• Eglin Airforce Base, click here.  Follow the directions at the bottom “how to get an Eglin permit”?

Many other permits and considerations along the hike are outlined for you in your Thru Hiker Packet.  Also, check out Thru-Hike the Florida Trail’s Web site.  This is an excellent planning resource.  Click here.

Hiking Season

We will begin our hike in early January and end in early March.  This allows us to avoid most of the hunting season, and the weather is milder.  Due to hunting restrictions, it is advised that you don’t begin before January and that you’re finished by May. (we began on January 4th and ended on February 26th)


While there isn’t much elevation change in Florida, there are other terrain challenges.  There are two swamps to traverse: Big Cypress and Bradwell Bay.  In these areas, you can expect water levels to be even waist deep and will slow your pace to about 1 mph.  Also, you should expect some tiresome treks through thick mud.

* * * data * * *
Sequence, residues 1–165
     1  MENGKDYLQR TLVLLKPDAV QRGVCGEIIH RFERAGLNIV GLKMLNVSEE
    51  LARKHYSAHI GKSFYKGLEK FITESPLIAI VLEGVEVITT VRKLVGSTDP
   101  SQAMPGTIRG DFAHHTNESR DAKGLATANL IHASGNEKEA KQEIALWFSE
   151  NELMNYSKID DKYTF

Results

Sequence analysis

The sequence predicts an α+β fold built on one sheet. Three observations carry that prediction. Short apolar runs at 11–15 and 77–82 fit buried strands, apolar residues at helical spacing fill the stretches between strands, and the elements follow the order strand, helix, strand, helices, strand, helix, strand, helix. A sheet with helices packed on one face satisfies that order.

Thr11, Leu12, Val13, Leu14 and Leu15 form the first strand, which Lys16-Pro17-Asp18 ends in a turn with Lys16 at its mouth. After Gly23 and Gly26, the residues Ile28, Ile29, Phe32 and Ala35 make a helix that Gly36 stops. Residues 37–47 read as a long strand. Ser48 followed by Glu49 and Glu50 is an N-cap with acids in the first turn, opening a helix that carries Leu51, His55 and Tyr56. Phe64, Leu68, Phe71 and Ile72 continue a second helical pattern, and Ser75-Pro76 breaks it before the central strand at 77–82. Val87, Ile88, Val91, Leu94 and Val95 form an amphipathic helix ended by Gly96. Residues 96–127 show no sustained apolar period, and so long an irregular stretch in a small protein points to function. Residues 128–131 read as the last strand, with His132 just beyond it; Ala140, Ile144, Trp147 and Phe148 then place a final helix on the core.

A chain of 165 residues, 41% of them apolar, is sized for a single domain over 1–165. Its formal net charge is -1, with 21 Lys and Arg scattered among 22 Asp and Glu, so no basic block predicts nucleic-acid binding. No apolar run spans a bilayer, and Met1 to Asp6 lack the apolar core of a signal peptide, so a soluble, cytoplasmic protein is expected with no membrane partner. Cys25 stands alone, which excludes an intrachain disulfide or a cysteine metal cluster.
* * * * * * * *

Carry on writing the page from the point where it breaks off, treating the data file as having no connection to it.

There is a substantial amount of road walking on the Florida Trail because it’s unfinished and reroutes seem common for various reasons.  Be prepared to road walk exposed to the sun for long periods of time.


Be prepared for temperatures ranging from 20 to 80 degrees Fahrenheit.  Cold snaps do occur.  Also, Florida is famously humid.  Essentially, you must be ready for anything whether it be freezing temperatures, heat and humidity, as well as rainy conditions.

Potentially Dangerous Wildlife

Florida is home to some potentially dangerous venomous snakes, black bears, alligators, ticks, mosquitoes, panthers, dogs, and cows.  You are required to hang a bear bag or use a canister in all of Florida’s National Forests.  If a black bear is being aggressive, make yourself look big, speak assertively, back up slowly, and avoid eye contact.  Fight back when attacked.